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Doctor discussing the staging of invasive ductal carcinoma with patient

Invasive ductal carcinoma stages provide physicians with a uniform way to describe how far a patient’s cancer may have spread beyond its original location in a milk duct. This information can be helpful when evaluating treatment options, but it is not a definite sign in and of itself. Many factors can influence a patient’s outcome, so the best source of information for understanding a breast cancer prognosis is always a physician who is familiar with the patient’s case.

What is invasive ductal carcinoma?

Invasive ductal carcinoma (also referred to as infiltrating ductal carcinoma) is the most common type of breast cancer, accounting for approximately 80% of the total number of cases. Invasive ductal carcinoma occurs when cancerous cells form in a duct that carries milk from a lobule (a gland in the breast that produces milk) to the nipple, and then spreads to tissue outside the duct.

invasive ductal carcinoma stages graphic

How fast does invasive ductal carcinoma spread?

In many cases, after someone is diagnosed with invasive ductal carcinoma or any other type of cancer, one of their first questions is how quickly they can expect the malignancy to grow and spread. Unfortunately, it’s difficult to answer this question, since the rate at which invasive ductal carcinoma progresses will vary from one patient to another.

There are numerous different factors that can influence how fast breast cancer will grow and spread (metastasize) to distant areas of the body. For example, triple-negative invasive ductal carcinomas tend to grow and spread more quickly than certain other types of breast cancer. Age can also impact growth rates—generally speaking, younger patients tend to have breast cancers that are more aggressive and fast-growing than the ones affecting older patients.

After diagnosing a patient with invasive ductal carcinoma, an experienced medical provider will be able to supply them with a more accurate estimate of how quickly their malignancy will grow and spread. The provider will also be able to advise the patient on what they can do (if anything) to slow down the cancer’s growth rate.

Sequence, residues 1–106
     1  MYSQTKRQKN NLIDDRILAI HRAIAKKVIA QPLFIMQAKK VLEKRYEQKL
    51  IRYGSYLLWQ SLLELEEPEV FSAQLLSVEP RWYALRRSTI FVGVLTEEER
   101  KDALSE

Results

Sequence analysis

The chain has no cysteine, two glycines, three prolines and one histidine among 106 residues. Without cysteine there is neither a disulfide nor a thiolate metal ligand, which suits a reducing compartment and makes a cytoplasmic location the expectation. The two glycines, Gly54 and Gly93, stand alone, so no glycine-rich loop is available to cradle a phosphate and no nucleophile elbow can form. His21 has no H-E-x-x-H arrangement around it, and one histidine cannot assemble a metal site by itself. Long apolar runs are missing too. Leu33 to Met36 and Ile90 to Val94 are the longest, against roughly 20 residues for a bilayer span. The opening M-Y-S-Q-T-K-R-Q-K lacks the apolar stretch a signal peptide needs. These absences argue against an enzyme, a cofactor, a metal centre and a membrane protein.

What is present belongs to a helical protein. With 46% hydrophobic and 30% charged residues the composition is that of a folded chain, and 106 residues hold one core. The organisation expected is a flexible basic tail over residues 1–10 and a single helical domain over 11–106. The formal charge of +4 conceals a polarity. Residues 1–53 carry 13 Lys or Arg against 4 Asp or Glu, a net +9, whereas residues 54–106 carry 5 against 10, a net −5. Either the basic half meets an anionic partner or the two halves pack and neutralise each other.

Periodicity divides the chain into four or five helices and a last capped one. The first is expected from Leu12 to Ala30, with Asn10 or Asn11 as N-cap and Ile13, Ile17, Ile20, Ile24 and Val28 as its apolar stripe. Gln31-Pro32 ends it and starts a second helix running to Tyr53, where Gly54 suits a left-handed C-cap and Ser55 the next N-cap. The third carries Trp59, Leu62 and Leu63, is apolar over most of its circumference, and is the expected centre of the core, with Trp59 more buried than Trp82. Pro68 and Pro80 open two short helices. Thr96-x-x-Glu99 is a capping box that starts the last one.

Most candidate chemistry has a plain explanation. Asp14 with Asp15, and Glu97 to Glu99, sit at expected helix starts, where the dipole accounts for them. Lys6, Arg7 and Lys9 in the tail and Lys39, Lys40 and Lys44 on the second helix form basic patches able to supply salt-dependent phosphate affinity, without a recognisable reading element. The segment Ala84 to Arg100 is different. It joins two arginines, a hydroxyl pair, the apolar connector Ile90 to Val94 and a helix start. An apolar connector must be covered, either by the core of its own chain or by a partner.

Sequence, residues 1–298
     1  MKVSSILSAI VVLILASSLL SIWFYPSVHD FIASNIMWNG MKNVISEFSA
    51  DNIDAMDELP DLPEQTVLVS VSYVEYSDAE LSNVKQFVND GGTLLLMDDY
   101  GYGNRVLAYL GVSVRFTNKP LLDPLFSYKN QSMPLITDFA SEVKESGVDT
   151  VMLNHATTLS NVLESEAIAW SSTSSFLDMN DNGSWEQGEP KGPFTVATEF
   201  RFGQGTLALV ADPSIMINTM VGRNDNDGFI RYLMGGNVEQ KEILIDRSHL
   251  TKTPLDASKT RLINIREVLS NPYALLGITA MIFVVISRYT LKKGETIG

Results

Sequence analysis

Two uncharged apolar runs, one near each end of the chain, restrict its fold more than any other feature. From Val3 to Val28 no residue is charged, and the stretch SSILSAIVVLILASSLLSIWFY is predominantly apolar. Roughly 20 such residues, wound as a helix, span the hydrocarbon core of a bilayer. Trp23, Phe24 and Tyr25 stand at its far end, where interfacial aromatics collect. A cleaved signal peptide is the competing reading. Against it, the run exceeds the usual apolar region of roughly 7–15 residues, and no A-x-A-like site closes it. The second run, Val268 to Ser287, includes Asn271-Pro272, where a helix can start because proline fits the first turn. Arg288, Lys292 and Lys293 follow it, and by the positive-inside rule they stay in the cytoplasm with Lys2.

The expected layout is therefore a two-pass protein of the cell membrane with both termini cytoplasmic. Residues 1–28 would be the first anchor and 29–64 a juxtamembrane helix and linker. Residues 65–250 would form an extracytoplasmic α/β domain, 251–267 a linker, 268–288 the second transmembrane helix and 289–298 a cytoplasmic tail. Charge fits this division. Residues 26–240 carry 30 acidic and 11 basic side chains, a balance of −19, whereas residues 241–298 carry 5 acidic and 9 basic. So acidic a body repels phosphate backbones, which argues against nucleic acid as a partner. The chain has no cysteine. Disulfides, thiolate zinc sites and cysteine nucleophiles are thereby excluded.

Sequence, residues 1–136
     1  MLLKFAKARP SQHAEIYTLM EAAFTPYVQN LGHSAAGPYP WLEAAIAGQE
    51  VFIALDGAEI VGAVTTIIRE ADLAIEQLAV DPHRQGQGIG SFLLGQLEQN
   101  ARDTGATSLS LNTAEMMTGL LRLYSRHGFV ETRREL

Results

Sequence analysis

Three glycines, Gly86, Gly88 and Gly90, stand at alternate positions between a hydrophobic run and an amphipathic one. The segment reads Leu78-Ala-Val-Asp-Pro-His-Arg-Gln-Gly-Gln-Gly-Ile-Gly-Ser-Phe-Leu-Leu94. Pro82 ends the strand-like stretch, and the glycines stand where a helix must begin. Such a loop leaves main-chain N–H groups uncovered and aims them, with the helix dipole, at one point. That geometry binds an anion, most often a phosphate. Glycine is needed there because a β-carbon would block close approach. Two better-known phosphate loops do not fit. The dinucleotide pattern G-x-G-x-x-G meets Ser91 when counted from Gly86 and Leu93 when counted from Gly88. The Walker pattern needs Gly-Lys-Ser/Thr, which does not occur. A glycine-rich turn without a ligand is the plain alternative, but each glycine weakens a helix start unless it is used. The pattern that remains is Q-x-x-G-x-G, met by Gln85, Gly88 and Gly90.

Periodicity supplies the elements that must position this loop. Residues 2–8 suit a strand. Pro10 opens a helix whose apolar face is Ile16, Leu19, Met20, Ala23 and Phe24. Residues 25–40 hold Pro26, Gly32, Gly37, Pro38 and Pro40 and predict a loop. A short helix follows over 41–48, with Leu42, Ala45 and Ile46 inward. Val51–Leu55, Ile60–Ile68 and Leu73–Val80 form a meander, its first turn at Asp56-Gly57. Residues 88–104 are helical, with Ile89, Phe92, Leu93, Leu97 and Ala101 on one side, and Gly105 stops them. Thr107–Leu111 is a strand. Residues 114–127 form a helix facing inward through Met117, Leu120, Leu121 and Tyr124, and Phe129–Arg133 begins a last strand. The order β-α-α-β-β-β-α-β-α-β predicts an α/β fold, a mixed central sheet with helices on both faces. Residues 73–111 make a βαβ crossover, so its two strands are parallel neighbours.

What are the stages of invasive ductal carcinoma?

Invasive ductal carcinoma is usually described through a numeric scale ranging from 1 (the earliest stage) to 4 (the most advanced stage). Specifically, the invasive ductal carcinoma stages are:

Stage 1 invasive ductal carcinoma

When a breast tumor is smaller than 2 centimeters in diameter and the cancer has not spread beyond the breast, it will be classified as stage 1.

Stage 2 invasive ductal carcinoma

By stage 2, a breast tumor measures 2 to 4 centimeters in diameter or cancerous cells have spread to the lymph nodes in the underarm area.

Stage 3 invasive ductal carcinoma

Once a tumor is classified as stage 3, more extensive cancer is found, but it is confined to the breast, surrounding tissues and lymph nodes.

Stage 4 invasive ductal carcinoma

When the breast cancer has metastasized to lymph nodes beyond the underarm area or to distant sites—such as the lungs, liver, bones or brain—it will be classified as stage 4. Once the cancer reaches this stage, it will also be known as “metastatic invasive ductal carcinoma.”

What is the survival rate for invasive ductal carcinoma?

The invasive ductal carcinoma survival rate varies depending on the stage the patient is at. For example, the national average survival rates are as follows:

  • If invasive ductal carcinoma has not spread beyond the breast, the five-year survival rate is approximately 99%.
  • If the cancer has spread to nearby structures or lymph nodes, the five-year survival rate is approximately 86%.
  • If the cancer has spread to a distant area of the body, the five-year survival rate is approximately 27%.

When considering these numbers, it’s important to remember that they are just general benchmarks and should not be used to predict a specific person’s chances of survival. In addition, Moffitt’s breast cancer survival rates exceed 1.5 times the national average.

Invasive ductal carcinoma treatment at Moffitt

In the Don & Erika Wallace Comprehensive Breast Program at Moffitt Cancer Center, our multispecialty tumor board reviews breast cancer cases during a weekly meeting, meaning our patients receive highly individualized treatment based on multiple expert opinions. We also offer comprehensive screening, diagnostic and supportive care services without the need for referrals.

If you’d like to learn more about invasive ductal carcinoma stages and treatment options, call 1-888-663-3488 or complete a new patient registration form online. At Moffitt, we provide every new patient with rapid access to a cancer expert as soon as possible, a turnaround faster than that offered by any other cancer hospital in the country.

References Breast Cancer Stages